The physicist Richard Feynman gave his famous lecture, There's Always Room at the Bottom, in 1959, considered by many as the conceptual birth of nanotechnology. And ever since, nanotechnology has represented a very promising avenue for all manner of scientific research and application, from drug delivery to hydrogen fuel cell storage. As such it has attracted the attention of some of the world's premier researchers and we're now approaching, if not arriving at, the point where the promise and the payoffs may be beginning to merge:
University of Georgia researchers have employed specially designed nanomaterials to develop a new, label-free DNA detection method that promises to reduce the cost and complexity of common genetic tests.
Their discovery may be used to help clinicians diagnose certain cancers such as leukemia and lymphoma. It can detect the presence of viruses in tissue. And it can be used for a variety of forensic applications, such as paternity testing or crime scene DNA analysis.
Led by Yiping Zhao, professor of physics in the UGA Franklin College of Arts and Sciences and director of the university's Nanoscale Science and Engineering Center, and Ralph Tripp, Georgia Research Alliance Eminent Scholar in the UGA College of Veterinary Medicine, the researchers proved the efficacy of their new DNA analysis method by experimenting with short strands of RNA called microRNA. While their approach may be used on all forms of DNA and RNA, researchers focused on microRNA because it holds great promise as a target for future therapeutics.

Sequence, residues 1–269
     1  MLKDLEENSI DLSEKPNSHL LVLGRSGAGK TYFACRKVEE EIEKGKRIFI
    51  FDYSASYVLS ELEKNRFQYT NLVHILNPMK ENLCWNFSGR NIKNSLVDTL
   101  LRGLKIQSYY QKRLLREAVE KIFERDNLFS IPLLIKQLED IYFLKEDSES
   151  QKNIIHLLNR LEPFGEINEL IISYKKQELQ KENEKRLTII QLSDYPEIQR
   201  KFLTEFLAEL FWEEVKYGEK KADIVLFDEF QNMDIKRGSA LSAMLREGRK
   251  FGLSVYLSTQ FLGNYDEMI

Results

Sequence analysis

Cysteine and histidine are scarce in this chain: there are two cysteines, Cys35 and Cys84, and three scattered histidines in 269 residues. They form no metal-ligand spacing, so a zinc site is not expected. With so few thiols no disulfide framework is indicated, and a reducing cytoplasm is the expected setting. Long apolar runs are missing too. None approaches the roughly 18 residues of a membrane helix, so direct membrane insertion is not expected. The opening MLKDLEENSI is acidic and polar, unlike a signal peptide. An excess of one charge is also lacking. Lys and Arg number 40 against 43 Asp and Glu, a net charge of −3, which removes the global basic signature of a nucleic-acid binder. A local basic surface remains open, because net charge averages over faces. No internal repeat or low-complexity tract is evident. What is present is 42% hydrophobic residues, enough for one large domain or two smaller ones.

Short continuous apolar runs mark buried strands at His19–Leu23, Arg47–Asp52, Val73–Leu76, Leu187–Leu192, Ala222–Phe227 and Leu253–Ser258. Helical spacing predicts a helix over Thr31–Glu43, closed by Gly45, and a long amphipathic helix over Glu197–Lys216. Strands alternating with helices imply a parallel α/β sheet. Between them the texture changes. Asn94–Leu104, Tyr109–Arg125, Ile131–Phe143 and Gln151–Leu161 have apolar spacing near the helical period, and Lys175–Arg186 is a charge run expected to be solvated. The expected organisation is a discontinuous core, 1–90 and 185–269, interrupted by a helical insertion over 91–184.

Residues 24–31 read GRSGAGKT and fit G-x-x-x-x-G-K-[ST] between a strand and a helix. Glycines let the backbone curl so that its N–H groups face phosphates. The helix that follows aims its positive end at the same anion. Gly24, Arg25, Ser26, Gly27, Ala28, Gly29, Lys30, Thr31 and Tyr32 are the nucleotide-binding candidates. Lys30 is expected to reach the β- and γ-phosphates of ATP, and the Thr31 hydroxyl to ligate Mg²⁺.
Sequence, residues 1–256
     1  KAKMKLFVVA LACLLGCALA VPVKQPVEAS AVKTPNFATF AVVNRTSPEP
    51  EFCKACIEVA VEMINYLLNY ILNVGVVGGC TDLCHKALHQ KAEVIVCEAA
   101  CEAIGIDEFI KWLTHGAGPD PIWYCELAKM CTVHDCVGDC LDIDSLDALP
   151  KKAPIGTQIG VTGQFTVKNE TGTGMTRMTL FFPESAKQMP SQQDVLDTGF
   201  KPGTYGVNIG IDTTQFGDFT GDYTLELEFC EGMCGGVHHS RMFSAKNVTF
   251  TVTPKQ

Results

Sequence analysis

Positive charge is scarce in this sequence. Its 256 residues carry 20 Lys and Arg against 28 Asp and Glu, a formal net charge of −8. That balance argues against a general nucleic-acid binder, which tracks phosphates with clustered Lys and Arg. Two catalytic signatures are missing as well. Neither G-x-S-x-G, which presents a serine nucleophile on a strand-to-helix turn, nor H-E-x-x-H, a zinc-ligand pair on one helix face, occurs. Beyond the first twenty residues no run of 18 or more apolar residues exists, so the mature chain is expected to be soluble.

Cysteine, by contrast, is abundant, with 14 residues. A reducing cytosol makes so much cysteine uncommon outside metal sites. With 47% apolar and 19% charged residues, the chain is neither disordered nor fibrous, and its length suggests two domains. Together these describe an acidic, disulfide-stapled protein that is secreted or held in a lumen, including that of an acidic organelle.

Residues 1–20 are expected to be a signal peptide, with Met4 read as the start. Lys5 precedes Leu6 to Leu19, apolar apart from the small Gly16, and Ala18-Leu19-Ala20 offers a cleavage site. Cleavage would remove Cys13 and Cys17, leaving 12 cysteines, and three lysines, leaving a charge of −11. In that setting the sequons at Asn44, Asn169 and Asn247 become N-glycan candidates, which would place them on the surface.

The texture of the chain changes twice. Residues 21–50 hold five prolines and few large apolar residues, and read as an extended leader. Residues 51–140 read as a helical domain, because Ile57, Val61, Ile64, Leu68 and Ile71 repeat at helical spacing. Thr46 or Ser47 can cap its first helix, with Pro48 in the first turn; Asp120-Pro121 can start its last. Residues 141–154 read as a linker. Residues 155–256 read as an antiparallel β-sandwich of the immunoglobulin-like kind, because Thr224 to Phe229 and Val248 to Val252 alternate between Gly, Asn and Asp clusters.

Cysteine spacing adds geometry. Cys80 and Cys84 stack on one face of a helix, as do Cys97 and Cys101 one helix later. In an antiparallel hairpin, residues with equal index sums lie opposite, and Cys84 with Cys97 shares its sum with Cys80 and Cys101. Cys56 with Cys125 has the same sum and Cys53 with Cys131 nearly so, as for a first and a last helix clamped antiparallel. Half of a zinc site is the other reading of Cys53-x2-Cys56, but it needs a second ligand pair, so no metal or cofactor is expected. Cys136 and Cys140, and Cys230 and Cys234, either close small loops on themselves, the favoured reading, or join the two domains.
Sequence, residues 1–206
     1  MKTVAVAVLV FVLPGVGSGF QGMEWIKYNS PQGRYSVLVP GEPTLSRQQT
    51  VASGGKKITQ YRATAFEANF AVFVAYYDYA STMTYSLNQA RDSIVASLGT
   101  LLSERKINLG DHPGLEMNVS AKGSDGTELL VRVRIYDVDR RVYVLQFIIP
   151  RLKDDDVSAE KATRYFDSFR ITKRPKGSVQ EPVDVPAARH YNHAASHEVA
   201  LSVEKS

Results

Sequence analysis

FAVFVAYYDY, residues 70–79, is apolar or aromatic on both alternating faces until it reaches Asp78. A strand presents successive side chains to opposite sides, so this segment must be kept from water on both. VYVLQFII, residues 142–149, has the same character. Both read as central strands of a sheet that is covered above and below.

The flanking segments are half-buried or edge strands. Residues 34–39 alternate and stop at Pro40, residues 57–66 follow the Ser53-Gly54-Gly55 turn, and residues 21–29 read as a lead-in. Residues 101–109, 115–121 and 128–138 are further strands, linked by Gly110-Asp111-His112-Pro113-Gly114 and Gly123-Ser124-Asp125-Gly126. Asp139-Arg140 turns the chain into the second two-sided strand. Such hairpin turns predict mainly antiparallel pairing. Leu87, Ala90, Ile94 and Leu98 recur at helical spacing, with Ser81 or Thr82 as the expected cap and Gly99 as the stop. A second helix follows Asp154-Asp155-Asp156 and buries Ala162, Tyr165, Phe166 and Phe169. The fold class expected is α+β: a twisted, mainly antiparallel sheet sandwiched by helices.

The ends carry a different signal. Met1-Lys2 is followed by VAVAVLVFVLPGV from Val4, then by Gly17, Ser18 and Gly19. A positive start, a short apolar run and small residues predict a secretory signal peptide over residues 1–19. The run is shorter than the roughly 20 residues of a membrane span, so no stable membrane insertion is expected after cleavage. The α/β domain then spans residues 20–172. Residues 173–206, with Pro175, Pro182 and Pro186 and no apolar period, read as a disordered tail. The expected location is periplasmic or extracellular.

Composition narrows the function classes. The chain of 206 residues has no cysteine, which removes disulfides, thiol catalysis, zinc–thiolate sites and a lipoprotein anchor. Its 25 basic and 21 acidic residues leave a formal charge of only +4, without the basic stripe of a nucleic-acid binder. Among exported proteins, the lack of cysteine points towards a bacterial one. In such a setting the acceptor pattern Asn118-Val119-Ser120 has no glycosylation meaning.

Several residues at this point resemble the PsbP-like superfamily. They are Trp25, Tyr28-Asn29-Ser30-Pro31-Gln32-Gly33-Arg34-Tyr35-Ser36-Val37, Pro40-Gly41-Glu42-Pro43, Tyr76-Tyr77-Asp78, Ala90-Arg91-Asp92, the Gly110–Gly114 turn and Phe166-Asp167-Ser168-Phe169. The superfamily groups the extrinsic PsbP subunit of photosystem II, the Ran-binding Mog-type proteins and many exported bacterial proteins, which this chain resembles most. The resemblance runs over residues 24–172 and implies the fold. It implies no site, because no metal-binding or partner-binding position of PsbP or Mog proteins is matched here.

Congratulations to Zhao, Tripp, their colleagues and graduate students. It's a great time to be working in the many fields that cross-polinate with this technology. And the neat symmetry that such small scale work has the potential to affect an infinite number of people is an elegant addendum. For an illustration of the scale, the release also included this:
Their experiments used a well-established technique known as surface enhanced Raman spectroscopy, or SERS, which allows scientists to detect specific DNA and RNA sequences by shooting a laser at a sample and measuring the changes in light frequency as it scatters. Zhao and his team placed their sample on top of a special film made of silver nanorods that are 1,000 times finer than the width of a human hair. The nanorods amplify the signal and improve the accuracy of their measurements.